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Information and communications technologies (ICTs) can contribute to economic and human development. Nations around the world are eager to take advantage of this potential. An important first step is the adoption of a national policy to promote development and application of the Internet and other ICTs.
A national ICT strategy is best developed through a consultative process involving a wide range of stakeholders. This principle was recently demonstrated in the Kyrgyz Republic, where the United Nations Development Program (UNDP) and the Global Internet Policy Initiative (GIPI) collaborated with the Government in co-sponsoring a process that included a national ICT strategy "summit." The process leading up to and continuing after the summit provides an important model for digital divide/digital opportunity efforts in other countries.
The process in Kyrgyzstan included these important elements:
The event in Kyrgyzstan, formally called the "National Information and Communications Technologies for Development Summit," was held on February 27-28 in Bishkek. It was organized by the government of the Kyrgyz Republic, UNDP, UNDESA, and GIPI, through the NGO Internews (more below), with financial support from the Soros Foundation Kyrgyzstan, USAID, Kyrgyztelecom, the ISP Elcat, and other corporations.
The summit was successful because it was NOT a mere conference. From the outset, the summit was planned as part of a broader effort to develop a national strategy for ICT development. In this spirit, nearly half of the event (most of the afternoon, each day) was devoted to dialogue, in which stakeholders and members of the public could speak. Participants received the draft national strategy prepared by the government and five papers prepared by the working groups. The working group papers served as input to the government draft, and the discussion sessions were focused on the specific findings and recommendations of the working groups. A summit website, http://www.ict.kg and http://www.ict.kg/ict.php?lang=eng, carried the working documents, and a mailing list facilitated communication among members of the working groups and other interested parties before and after the summit.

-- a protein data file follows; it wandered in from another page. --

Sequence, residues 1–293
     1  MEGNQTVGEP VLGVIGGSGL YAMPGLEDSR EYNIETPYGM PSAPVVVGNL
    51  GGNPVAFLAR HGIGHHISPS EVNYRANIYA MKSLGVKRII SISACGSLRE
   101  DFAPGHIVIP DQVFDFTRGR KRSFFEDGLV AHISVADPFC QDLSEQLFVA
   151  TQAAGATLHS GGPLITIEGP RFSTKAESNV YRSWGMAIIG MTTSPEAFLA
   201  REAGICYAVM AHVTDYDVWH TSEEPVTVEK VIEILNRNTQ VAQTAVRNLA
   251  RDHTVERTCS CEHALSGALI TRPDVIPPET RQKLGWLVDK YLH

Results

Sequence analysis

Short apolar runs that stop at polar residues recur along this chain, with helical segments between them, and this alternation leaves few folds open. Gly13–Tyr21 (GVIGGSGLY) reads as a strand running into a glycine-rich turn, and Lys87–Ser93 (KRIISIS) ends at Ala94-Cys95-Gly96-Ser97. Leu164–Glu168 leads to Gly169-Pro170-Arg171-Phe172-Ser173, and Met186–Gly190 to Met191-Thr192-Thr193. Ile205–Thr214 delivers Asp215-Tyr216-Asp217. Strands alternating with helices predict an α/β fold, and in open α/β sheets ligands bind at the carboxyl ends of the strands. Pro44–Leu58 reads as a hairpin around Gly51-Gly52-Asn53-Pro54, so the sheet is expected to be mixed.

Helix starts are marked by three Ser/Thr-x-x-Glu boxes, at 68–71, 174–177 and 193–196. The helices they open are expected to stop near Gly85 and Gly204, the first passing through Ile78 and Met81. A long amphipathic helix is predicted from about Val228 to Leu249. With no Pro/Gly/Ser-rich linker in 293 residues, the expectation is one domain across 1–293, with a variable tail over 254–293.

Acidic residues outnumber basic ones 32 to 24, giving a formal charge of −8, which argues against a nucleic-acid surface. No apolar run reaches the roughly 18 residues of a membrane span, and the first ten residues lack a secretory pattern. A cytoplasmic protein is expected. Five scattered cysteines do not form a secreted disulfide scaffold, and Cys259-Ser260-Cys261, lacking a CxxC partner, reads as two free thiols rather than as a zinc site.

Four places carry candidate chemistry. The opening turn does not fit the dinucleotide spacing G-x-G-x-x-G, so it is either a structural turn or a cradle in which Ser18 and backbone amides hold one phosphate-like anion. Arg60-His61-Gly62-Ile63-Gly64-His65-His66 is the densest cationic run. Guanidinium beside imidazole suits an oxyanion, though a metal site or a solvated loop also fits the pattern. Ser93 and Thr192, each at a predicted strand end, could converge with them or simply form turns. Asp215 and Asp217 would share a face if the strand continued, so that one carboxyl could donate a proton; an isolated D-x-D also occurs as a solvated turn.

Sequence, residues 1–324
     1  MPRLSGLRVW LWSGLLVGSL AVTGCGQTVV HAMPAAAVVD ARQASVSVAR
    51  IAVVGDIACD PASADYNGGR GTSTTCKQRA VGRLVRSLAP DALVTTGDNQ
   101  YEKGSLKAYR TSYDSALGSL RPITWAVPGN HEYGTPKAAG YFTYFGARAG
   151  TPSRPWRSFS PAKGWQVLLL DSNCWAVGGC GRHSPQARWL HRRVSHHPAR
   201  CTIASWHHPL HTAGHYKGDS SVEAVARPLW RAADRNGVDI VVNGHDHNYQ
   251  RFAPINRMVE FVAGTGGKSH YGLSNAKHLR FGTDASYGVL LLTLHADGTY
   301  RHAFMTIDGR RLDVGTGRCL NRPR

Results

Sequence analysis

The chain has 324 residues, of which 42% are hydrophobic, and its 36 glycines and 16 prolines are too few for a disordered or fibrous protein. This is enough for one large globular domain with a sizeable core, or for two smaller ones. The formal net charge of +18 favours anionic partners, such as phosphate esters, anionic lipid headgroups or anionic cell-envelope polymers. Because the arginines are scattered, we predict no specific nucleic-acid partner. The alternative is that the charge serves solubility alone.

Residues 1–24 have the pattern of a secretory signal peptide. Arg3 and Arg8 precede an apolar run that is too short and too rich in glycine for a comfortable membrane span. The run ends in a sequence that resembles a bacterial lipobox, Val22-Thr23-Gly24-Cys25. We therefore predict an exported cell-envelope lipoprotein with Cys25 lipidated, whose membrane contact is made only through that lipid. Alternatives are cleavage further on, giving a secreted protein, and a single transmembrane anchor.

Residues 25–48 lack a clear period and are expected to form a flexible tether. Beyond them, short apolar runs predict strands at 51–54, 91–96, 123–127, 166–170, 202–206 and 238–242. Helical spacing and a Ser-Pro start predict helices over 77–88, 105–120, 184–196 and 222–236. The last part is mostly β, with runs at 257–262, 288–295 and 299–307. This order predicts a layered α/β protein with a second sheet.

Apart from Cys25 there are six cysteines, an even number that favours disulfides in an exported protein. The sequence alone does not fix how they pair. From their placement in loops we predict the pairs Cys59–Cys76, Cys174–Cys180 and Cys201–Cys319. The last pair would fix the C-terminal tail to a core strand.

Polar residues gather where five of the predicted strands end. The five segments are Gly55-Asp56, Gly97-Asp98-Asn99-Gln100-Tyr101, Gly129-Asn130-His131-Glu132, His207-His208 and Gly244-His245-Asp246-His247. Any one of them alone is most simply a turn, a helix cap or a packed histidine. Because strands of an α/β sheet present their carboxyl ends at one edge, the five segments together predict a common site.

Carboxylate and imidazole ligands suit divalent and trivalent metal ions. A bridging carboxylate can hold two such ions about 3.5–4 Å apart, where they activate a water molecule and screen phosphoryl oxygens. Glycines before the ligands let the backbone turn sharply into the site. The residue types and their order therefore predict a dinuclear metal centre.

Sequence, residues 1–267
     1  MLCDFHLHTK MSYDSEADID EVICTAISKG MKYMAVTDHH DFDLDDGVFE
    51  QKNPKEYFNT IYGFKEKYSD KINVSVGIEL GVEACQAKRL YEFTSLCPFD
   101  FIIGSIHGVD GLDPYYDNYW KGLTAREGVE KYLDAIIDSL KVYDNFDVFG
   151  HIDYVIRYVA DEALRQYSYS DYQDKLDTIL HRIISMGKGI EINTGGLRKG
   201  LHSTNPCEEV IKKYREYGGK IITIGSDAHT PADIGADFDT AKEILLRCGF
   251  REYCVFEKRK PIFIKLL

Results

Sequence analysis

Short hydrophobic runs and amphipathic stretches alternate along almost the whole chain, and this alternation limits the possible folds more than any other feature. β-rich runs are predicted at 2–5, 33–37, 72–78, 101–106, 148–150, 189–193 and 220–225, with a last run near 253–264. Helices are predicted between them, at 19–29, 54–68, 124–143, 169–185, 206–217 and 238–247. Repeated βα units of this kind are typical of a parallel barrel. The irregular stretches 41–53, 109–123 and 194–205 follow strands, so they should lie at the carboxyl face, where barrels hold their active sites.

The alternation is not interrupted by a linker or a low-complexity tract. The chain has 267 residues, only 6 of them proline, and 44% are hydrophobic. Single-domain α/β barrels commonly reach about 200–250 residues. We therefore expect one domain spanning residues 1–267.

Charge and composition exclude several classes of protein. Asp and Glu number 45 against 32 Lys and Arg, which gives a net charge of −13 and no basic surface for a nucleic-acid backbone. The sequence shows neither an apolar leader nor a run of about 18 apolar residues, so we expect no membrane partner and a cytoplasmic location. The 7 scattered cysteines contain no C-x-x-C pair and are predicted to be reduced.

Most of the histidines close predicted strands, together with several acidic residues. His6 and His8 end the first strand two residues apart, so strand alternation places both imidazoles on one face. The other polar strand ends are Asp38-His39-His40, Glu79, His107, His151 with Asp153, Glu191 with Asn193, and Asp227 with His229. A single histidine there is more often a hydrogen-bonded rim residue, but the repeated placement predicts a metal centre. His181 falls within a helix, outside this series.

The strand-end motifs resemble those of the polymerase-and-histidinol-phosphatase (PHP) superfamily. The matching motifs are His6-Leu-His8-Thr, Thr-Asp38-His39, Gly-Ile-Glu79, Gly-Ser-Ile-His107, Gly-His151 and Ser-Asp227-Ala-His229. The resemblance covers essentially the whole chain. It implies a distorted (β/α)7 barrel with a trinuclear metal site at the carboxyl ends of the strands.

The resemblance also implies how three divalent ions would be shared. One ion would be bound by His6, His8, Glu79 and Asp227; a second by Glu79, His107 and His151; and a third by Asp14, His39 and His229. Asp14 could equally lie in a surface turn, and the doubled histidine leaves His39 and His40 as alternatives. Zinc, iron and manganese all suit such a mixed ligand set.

The process in Kyrgyzstan may not be relevant to all countries. Nonetheless, it is clearly a viable and important model. These were the key components of the process:
Effective policy development in any field must include a bottom-up, participatory process, bringing together local stakeholders in a consensus-building approach. This is all the more true of ICT and the Internet, where the private sector must take the lead. In Kyrgyzstan, the UNDP started this consultative process in November 2000, when it organized a series of working groups in four areas:
A cross-cutting category of issues -- creating the legal and regulatory environment for ICT development -- was addressed by each working group and resulted in a fifth report.
The specific number and subjects of the working groups is less important than the fact that they served to focus the attention of stakeholders on a set of concrete issues. Each working group began by preparing a detailed background paper that assessed the current situation in Kyrgyzstan. As the summit approached, each working group was tasked to prepare a resume of its findings and conclusions, along a common format.
The sponsorship of the UNDP and the UNDESA gave the process important credibility and objectivity. The UN institutions were able to preserve a sense of balance and a focus on a particular theme: how can ICT help the development process? Moreover, the UNDP's Resident Representative (ResRep) in the Kyrgyz Republic was personally involved and kept the process on track. Whenever the working groups seemed to be faltering in their interest, the UNDP ResRep personally called them together and got them working again. At the summit itself, the ResRep played a key role in ensuring that the summit would produce concrete recommendations, not merely a lot of talk. After the summit, the UNDP-KG encouraged the working groups to finish their work and develop the necessary materials for implementation, a process that is ongoing.